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New Plastic Women Army Toys to Represent Real Women in the Military

Back in August, six-year-old Vivian Lord from Little Rock, Arkansas wondered why the classic, plastic, green toy soldiers were only men. After realizing the lack of gender representation, she aptly wrote a letter to BMC Toys, the company responsible for manufacturing the figurines, asking them to make women soldiers. Now, her letter has made history.

BMC Toys has launched the Plastic Women Army project, a development initiative to start mass production of Green Army Women as soon as possible. The company has announced that the new release of Green Army Women is set to be sold in stores by Christmas 2020.

Jeff Imel, owner of BMC, says Vivian’s letter put the Green Army Women production project at “the top of the list.” While he’s had the idea for about three years, budget constraints prohibited him from executing the project and developing usable models. Imel is the only full-time employee of BMC, which makes financing design and development much harder. 

Little Green Army Men hit the mainstream during World War II, when a fascination with military-style toys grew in popularity. The lack of women in combat during WWII has deterred BMC from manufacturing women soldiers, and naysayers argue that women figurines would contradict the true history of WWII veterans. But Imel, and many others, are eager to expand military representation, and show young girls that they can pursue anything.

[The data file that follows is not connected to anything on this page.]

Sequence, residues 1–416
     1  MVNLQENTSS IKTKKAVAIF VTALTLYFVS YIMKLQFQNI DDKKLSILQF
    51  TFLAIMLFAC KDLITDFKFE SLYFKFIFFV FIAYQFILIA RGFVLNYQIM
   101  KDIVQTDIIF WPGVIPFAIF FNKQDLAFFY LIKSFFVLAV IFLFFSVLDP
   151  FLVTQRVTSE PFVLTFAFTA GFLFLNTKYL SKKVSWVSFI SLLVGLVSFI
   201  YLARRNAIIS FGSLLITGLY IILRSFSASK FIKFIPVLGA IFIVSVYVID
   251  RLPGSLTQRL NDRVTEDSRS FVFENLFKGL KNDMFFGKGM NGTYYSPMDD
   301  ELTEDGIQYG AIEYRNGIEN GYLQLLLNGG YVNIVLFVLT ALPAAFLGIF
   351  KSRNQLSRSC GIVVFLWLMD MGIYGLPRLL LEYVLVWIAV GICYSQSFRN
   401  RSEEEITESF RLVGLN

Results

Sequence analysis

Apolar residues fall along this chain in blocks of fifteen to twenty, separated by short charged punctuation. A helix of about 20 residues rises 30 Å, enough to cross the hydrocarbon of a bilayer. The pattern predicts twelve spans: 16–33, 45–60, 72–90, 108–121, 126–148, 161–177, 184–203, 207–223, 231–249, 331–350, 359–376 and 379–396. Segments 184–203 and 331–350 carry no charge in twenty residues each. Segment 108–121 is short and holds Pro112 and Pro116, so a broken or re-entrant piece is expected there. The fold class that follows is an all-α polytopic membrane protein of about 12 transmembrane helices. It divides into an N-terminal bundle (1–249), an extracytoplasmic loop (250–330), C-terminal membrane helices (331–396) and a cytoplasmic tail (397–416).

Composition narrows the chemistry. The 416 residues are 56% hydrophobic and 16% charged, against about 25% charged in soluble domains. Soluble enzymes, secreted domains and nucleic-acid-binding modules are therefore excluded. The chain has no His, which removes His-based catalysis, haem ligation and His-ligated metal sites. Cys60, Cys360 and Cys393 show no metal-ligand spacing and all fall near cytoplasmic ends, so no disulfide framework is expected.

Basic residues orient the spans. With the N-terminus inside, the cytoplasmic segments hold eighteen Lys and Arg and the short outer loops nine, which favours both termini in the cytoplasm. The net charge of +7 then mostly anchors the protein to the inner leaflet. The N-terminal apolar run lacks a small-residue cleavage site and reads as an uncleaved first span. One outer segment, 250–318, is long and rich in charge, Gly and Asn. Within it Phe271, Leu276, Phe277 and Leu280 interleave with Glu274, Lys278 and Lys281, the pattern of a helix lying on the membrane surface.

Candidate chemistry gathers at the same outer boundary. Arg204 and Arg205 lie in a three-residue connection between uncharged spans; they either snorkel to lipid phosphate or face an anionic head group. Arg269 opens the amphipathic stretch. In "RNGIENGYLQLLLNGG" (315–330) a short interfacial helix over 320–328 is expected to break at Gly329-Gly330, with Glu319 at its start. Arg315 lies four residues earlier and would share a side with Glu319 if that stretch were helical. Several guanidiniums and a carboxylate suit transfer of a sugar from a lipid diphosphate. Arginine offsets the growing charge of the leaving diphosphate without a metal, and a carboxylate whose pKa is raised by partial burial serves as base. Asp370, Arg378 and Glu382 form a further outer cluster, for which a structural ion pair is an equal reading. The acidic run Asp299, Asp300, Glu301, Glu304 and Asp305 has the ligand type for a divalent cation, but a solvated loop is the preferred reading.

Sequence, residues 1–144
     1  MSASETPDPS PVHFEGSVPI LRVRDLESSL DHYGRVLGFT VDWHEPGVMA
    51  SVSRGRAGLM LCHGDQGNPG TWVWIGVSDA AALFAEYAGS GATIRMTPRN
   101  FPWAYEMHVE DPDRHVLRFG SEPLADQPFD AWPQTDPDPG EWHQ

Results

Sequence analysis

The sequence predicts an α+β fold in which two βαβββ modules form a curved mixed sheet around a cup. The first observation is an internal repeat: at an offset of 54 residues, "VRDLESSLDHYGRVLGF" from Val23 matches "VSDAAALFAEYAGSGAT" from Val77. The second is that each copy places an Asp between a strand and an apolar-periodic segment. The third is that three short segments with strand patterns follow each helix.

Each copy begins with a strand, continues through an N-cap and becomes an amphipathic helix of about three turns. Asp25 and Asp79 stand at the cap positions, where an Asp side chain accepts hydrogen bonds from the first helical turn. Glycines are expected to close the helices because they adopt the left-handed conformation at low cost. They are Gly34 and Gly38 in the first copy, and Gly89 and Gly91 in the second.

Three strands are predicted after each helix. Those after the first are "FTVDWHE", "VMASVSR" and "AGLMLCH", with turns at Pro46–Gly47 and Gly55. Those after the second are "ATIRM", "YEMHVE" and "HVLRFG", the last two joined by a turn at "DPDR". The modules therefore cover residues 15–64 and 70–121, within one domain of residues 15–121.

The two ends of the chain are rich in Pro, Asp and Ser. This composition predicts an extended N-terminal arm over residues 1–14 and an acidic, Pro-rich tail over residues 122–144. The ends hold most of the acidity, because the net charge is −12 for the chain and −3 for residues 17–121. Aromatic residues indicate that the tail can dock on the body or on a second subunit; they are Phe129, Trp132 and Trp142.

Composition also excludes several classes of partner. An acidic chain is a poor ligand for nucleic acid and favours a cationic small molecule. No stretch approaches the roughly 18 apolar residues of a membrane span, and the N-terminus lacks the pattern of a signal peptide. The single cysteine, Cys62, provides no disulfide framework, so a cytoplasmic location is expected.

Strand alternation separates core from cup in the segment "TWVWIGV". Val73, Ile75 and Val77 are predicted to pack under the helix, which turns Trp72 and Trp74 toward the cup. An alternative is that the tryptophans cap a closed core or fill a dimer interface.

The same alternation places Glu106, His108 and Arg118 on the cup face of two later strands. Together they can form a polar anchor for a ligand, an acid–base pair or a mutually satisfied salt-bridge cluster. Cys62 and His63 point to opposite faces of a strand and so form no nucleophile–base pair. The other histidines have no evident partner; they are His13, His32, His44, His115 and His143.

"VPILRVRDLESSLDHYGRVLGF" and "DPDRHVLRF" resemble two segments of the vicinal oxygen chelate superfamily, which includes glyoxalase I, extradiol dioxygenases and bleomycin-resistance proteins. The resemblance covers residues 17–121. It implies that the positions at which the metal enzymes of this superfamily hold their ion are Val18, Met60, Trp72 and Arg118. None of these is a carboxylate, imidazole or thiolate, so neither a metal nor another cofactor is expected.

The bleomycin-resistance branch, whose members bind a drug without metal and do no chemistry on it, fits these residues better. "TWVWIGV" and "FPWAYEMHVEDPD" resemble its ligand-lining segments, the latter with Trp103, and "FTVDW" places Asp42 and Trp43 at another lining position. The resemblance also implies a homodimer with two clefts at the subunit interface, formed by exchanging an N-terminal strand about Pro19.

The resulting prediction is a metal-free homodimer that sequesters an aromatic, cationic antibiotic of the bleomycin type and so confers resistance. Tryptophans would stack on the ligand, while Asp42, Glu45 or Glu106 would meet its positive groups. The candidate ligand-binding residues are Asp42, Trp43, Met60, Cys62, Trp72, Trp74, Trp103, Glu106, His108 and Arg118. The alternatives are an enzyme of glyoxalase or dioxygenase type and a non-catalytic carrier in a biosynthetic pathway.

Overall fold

“Every kid wants to be the hero of their story,” says Imel. “It shouldn’t be up to us to decide who the hero is. Girls should be able to connect to the toys just as much as boys do.”

Another inquiry from JoAnn Ortloff, a retired Fleet Master Chief of the U.S. Navy, inspired the project. Ortloff, who wanted the toys for her granddaughters, insisted that the Green Army Women represent real women in the military accurately.

The budget for the Plastic Women Army project will allow for four different poses set to be packaged in a set of 24  figures. BMC has released concept sketches for the new toys, and are currently taking feedback and suggestions on what they can improve to make the women figurines as accurate and empowering as possible!

Featured Image by Jay Javier on Flickr

Attribution-NonCommercial-NoDerivs 2.0 Generic (CC BY-NC-ND 2.0)

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